Though the British government has recently taken some significant steps towards decarbonising the economy, the fact that we find ourselves in need of something close to a miracle to avert disaster reflects a profound failure of leadership by the political classes of all the world’s major nations. Most governments and their electorates have been locked in a disastrous standoff, neither willing to take action till the other shows they are serious about the problem. 10:10 is partly about breaking that destructive impasse.
Sceptics will retort with the usual questions: why take any form of unilateral action when we are months away from what has been billed as a critical international climate conference? How can any campaign in marginal little Britain have an impact on the ultimate global problem?
Reflecting the pluralism of the 10:10 coalition, different answers emerge from different corners of the campaign. Talk to Goodall and he will answer unashamedly in terms of simple moral responsibility: “If there is a problem that has been caused by us and is being caused by us then we have a moral obligation to do something about it. As individuals we have to live our lives as we want other people to live their lives.” The trouble, Goodall reflects a little sadly, is that the rise of aggressive materialism has made such a categorical position look quaint, if not outright lampoonable.
Armstrong has a more pragmatic view of the role 10:10 could play in bringing about significant global action. Few who know anything about it believe the best deal on the cards in Copenhagen, the key conference in December at which world leaders will attempt to hammer out a global climate change treaty, is anything like tough enough to avert dangerous warming. Armstrong believes forcing the British government to move faster could put it in a leadership position that would enable it to push for a tougher deal. It is an optimistic but not completely far-fetched vision. Developing nations — in particular China and India — have consistently argued that they won’t submit to binding carbon limits until they see real evidence of the rich world tackling the problem it substantially created. I have heard Chinese diplomats talk about the importance of seeing meaningful action from Britain and Europe. Helweg-Larsen talks compellingly about the value of taking an inspirational lead: “We have to demonstrate progress and we have to be inspiring each other with action. Ideas have power.”
More radical critics will argue that 10:10 is just “feelgood” window dressing designed to paper over the cracks in a broken economic model. Even the moving spirits of the campaign would not claim it was more than a useful first step towards the deeper transformation of our lifestyles that will be required. But it is significant that some of the most exacting experts in the field have endorsed the campaign as being in line with what the science demands – figures such as outspoken British climatologist Kevin Anderson who has criticised both politicians and his colleagues for failing to be honest about the perilousness of our position.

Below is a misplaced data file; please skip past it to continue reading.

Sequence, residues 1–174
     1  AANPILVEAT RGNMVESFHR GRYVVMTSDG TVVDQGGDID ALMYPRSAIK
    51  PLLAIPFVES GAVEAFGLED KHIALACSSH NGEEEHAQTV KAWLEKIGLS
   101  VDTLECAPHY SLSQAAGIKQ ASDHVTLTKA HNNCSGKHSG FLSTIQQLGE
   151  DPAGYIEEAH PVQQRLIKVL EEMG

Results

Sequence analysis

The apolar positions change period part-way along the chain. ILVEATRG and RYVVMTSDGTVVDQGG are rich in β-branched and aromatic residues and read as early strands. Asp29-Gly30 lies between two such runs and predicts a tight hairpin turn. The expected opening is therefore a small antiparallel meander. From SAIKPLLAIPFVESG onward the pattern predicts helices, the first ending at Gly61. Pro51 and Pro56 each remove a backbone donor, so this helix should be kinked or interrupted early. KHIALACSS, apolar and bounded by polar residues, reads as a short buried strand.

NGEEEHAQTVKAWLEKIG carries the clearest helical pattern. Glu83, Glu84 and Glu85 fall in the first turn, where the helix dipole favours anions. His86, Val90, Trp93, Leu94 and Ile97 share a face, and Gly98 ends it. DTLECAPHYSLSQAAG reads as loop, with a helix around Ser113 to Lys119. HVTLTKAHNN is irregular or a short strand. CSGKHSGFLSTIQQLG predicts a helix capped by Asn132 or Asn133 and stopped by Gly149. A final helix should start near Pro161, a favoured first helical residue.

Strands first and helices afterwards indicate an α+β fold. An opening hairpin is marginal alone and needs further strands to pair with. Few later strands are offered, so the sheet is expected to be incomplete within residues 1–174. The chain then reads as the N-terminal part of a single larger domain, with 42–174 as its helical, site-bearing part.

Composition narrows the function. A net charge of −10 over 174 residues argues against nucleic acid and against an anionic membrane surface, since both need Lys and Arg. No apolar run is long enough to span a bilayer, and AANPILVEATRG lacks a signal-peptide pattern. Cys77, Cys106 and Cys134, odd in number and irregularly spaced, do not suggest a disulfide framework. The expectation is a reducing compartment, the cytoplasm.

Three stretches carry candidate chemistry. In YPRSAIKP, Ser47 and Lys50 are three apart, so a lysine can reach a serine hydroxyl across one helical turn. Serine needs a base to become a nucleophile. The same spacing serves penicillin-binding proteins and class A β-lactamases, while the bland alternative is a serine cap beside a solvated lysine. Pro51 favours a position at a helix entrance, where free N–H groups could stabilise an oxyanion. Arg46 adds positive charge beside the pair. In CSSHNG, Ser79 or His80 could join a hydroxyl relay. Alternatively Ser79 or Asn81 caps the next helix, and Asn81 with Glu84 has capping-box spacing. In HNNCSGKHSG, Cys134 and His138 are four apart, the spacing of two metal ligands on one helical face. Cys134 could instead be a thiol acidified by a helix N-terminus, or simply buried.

A while ago I had a dispiriting conversation with another eminent European scientist. He is a natural optimist but sounded unusually low. He had recently been asked to brief a leading European political figure on the latest scientific understanding of climate change. The leader listened then described the best deal he believed possible at Copenhagen: a 50% global cut in emissions against 2000 levels – by 2050. The scientist explained that such a deal would give us only a 50% chance of avoiding a temperature rise above the critical two-degree level that experts believe could trigger runaway warming, but the politician insisted that a tougher deal would never get off the drawing board. “I asked, who would fly on an airline that had a 50:50 chance of crashing?” the scientist told me.
10:10 is about declaring that we do not accept those odds. It is about grabbing the wheel from the bus driver who is steering us directly towards an oncoming juggernaut. It is about old-fashioned ideas of responsibility, but also about a more enlightened understanding of our collective self-interest. It is about an optimistic view of what ordinary people can achieve, and of human nature itself. Now over to you.
This article was first published on guardian.co.uk on 1 September 2009.